Migraine Headaches and Heart Defects

Is your migraine headache caused by a heart defect? It’s possible!

Recent research has uncovered an interesting tidbit of information:  People with an Atrial Septal Defect (ASD) or a Patent Foramen Ovale (PFO) who suffer from migraines can see a reduction in the number and severity of headaches when their defect is closed.

Many people may go their entire lives with a ASD or PFO and never know they have it; or if it is detected, their doctor reports that the opening is so small that the best course of therapy is just to monitor it.  With advancing technology and improvement in Catheters, repair of the defect became more practical. The fact that migraine headaches faded or went away completely was a happy side effect of the repair.

It doesn’t always work – one study showed a small number of patients (4 out of 97) actually developed migraine symptoms (their headaches disappeared after several months) and there is at least one known case of a person who developed a migraine every day – with no relief of symptoms.

When I was younger, I averaged a “dizzy spell” per month – just a few moments when everything seemed to take a few steps to the right. Usually it cleared up in less than a minute, but at least once a year I could count on having a really bad bout of dizziness.

Everything would start spinning and it just wouldn’t stop. And it didn’t stop until I had thrown up. So I learned that rather than suffer until things happened naturally, it was best to shove a finger down my throat. Sorry if that thought turns your stomach, but I’d rather do that than to suffer.

Then one day while I was in college it hit me: Dizzy spell, and a bad one. But a friend and I had made plans to get dinner at one of our favorite restaurants that night, so I had a light lunch. A very light lunch – a soda and a pack of Nekots, if I remember correctly.

In case you didn’t know, you can’t throw up on an empty stomach. Finally after about two hours of the world spinning, I think my body just decided it had had enough and the dizzy spell let me go. I got back to my room and slept fourteen hours!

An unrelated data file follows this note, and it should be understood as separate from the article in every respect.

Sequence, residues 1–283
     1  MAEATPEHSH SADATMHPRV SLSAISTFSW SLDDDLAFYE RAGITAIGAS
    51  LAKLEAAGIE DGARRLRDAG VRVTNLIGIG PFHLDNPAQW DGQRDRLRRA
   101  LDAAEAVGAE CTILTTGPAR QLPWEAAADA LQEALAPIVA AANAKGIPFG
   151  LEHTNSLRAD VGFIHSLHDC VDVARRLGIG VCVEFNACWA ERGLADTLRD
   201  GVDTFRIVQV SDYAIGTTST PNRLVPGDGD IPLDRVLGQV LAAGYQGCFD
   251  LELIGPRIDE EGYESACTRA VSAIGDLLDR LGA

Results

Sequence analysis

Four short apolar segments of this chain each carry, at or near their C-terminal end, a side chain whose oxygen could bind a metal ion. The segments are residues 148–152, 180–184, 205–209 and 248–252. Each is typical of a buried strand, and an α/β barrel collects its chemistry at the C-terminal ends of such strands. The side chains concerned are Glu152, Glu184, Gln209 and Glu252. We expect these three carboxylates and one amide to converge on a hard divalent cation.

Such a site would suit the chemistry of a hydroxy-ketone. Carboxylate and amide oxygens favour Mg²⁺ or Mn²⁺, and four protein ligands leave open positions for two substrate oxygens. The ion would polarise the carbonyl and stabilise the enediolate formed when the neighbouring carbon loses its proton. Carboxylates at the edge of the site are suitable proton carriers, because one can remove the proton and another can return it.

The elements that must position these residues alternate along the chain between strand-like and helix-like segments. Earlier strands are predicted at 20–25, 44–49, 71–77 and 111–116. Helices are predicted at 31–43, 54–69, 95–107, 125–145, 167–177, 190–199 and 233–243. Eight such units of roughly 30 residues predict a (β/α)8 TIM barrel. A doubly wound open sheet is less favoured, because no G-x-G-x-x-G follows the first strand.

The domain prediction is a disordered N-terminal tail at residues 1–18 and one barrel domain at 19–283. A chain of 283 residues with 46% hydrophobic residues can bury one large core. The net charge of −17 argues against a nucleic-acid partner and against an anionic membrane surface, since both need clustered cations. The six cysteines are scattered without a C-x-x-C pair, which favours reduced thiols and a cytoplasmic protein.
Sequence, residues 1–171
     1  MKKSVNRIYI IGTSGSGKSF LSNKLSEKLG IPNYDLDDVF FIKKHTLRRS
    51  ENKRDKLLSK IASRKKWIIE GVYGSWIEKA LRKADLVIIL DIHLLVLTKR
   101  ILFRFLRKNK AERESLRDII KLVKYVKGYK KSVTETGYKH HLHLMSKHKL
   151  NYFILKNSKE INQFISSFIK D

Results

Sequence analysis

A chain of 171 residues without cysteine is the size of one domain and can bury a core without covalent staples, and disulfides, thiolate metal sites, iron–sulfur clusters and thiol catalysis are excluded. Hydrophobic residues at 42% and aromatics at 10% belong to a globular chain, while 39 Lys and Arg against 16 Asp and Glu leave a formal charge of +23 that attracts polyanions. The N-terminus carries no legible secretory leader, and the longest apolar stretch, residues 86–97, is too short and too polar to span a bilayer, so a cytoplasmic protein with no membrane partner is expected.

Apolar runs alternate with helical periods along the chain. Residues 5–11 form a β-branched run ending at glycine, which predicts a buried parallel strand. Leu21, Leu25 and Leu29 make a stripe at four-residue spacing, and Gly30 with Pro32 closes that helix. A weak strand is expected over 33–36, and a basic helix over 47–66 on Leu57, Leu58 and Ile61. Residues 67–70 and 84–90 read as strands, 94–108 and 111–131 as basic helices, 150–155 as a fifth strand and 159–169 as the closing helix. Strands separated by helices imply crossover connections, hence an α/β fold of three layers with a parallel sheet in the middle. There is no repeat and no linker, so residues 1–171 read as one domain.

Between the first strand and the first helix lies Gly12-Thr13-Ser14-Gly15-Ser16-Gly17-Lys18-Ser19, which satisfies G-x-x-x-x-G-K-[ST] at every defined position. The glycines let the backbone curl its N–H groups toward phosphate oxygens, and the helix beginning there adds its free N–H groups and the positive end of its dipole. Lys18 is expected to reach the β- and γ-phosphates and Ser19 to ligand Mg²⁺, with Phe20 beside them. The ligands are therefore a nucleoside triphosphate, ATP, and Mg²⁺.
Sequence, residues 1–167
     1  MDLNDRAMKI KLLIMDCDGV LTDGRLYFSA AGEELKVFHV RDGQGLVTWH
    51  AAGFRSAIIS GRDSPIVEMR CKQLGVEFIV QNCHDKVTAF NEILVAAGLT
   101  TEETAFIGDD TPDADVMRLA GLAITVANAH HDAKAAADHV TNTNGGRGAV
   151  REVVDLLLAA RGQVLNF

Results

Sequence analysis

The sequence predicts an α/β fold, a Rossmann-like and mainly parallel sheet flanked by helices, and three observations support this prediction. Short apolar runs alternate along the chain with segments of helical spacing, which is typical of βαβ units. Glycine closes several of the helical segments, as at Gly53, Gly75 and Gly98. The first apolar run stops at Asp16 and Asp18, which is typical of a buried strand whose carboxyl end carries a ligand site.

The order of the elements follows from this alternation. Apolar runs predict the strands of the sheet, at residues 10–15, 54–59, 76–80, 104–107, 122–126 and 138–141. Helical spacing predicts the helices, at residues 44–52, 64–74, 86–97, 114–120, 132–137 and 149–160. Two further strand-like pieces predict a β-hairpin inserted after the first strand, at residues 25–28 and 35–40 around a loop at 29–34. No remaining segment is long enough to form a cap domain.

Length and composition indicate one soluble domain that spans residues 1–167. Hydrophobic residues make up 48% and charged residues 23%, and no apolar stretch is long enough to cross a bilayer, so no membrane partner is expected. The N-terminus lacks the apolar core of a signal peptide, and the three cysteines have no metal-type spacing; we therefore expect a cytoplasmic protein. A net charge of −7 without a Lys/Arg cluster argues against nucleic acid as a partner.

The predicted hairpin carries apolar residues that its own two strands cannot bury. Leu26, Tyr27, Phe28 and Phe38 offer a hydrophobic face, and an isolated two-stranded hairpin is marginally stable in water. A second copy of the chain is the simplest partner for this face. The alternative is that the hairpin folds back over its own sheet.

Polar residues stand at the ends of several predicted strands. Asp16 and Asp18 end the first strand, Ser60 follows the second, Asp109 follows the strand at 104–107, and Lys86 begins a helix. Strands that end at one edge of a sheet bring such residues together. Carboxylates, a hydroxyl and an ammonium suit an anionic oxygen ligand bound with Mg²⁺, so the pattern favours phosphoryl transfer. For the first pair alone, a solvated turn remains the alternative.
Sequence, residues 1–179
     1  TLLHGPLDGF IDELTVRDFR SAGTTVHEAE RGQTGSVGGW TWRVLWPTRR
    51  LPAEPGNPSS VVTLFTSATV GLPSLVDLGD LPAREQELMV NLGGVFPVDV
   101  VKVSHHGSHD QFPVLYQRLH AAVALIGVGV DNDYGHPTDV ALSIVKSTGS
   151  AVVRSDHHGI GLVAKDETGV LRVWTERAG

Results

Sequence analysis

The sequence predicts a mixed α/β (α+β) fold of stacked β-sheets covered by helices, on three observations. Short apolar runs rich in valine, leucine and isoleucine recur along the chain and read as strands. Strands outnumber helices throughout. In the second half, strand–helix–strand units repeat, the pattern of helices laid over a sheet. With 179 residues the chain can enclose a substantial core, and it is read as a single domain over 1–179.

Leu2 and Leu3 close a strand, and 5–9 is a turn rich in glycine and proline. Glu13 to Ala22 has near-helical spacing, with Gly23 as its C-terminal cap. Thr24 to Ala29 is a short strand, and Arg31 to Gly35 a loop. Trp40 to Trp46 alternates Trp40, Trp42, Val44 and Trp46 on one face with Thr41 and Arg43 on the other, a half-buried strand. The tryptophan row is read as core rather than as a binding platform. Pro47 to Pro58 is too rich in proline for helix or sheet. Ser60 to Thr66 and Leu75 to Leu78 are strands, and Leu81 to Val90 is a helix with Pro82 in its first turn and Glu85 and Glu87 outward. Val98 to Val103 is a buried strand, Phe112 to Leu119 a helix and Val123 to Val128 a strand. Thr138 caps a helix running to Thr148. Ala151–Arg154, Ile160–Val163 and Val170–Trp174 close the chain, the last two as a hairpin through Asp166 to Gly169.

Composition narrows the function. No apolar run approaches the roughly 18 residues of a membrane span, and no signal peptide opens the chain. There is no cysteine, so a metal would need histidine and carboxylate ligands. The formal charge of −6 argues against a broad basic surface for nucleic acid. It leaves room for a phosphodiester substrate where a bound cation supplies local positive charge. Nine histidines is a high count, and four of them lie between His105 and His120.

After I had my pacemaker installed, the dizzy spells went away. I haven’t had one since, not even a mild one. No one has ever figured out why, it’s just “one of those things!”

So if you are having migraines, ask your doctor about the possibility of you having an ASD or a PFO. A few days in the hospital getting the repair could end them!


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2 Responses to “Migraine Headaches and Heart Defects”

  1. Kelly Says:

    Great info Steve…I’m having an echo when we get back from Washington…James’ Dr.’s suggested all first degree relatives get checked. I’ve always had headaches but maybe only one migraine a year. Are there any stats on CHD kids and the incidence of their parents having a CHD? No one in our extended family seems to know which heart defects older generations had.

    • Steve Says:

      If there is any info on Cardiac Kids and parents with Migraines, I haven’t seen it. Some of those older generations, you may never know… before 1940, it was basically Rheumatic Fever and “Everything Else.” No one really had a clue until Helen Taussig began to study Malformed Hearts at Johns Hopkins.

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